Harry Reid won his first battle on the jobs creation front yesterday:
The Senate voted Monday to advance a $15 billion jobs-creation measure, giving Democrats a key victory as they seek to reverse their declining political fortunes by emphasizing legislation to boost the economy. The chamber is now poised to pass the measure later this week.
Five Republicans, including new Sen. Scott Brown (Mass.) joined 57 Democrats in voting to proceed on the jobs bill, after a suspenseful buildup in which members of both parties wondered whether Senate Majority Leader Harry Reid (D-Nev.) could cobble together enough votes to proceed.
This is....just sad. Compared to a "normal" level of unemployment, there are currently something like 10 million more jobless people than we ought to have. Without action, that number will still be around 8 million next year. And we're screwing around with a payroll tax cut that might, with a tailwind, create around 100,000 jobs per year. It's not that this a bad policy choice, it's that the scope of the action is so plainly inadequate compared to the size of the problem.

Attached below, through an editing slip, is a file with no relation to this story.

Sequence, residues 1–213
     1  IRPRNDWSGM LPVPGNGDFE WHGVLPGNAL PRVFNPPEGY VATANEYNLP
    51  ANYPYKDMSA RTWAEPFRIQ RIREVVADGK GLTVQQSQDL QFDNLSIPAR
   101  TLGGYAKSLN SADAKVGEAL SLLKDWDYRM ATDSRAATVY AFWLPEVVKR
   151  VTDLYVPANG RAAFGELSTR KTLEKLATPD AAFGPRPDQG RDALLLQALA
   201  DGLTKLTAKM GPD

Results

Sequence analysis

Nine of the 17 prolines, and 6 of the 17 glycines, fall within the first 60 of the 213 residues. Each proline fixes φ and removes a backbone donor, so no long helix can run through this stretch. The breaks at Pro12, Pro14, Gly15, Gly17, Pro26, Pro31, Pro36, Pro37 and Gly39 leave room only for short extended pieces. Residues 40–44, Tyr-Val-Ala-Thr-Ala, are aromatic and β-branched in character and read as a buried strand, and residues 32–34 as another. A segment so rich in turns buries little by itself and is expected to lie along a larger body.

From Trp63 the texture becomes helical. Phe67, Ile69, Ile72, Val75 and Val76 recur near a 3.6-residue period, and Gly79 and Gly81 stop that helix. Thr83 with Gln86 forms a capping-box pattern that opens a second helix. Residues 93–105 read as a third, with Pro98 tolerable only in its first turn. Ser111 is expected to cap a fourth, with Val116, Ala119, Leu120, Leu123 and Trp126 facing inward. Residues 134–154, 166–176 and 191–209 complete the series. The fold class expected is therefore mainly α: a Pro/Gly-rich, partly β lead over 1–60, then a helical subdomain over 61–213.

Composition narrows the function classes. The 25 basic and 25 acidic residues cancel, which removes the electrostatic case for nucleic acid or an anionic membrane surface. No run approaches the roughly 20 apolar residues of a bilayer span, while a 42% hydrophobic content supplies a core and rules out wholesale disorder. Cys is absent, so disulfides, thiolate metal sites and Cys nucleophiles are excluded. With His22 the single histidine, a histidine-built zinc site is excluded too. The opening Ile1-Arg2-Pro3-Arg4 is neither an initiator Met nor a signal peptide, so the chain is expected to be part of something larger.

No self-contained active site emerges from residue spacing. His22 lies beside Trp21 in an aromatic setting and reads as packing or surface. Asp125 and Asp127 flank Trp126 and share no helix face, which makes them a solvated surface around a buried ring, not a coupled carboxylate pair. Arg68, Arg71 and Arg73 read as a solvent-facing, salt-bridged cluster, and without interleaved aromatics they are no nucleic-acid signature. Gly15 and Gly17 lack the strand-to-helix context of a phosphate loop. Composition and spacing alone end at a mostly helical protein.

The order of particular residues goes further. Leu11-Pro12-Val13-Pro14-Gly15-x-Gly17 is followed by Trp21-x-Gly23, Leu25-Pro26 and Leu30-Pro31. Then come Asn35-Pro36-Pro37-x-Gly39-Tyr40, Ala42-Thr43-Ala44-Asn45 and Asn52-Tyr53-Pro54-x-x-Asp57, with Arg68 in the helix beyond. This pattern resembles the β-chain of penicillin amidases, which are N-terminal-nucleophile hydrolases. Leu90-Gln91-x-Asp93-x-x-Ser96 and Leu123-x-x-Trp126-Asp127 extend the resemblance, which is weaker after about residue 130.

Why so small? Because Republicans won't agree to a bigger bill, so Harry Reid has decided to push through a bunch of smaller measures instead. His thinking, apparently, is that he's going to dare Republicans to vote against these bills. If they cave, he wins. If they don't, it becomes good campaign fodder for November.
This is pretty unlikely to work, though. Reid managed to lasso a few Republicans for a tax cut, but he probably won't be able to do even that for the rest of his package. They'll filibuster and defeat even these small bore proposals.
Will they pay a price for this? Get serious. Suppose you're a Democrat running against some Republican who voted against Monday's bill. "You'd all have jobs today," intones your attack ad "if only Senator Wingnut hadn't voted against a moratorium on payroll taxes." Will anyone believe it? I don't see it. It's too abstract and people are too jaded about this kind of stuff actually having an effect. Sen. Wingnut will just say the bill was another Washington boondoggle that wouldn't have created a single job, the tea partiers will all cheer, and that will be that. It's just too hard to make the case for obstruction unless you can point to something that's both big and concrete.
The payroll tax bill is better than nothing. But it's also a sad commentary on the ability of Congress to tackle actual problems.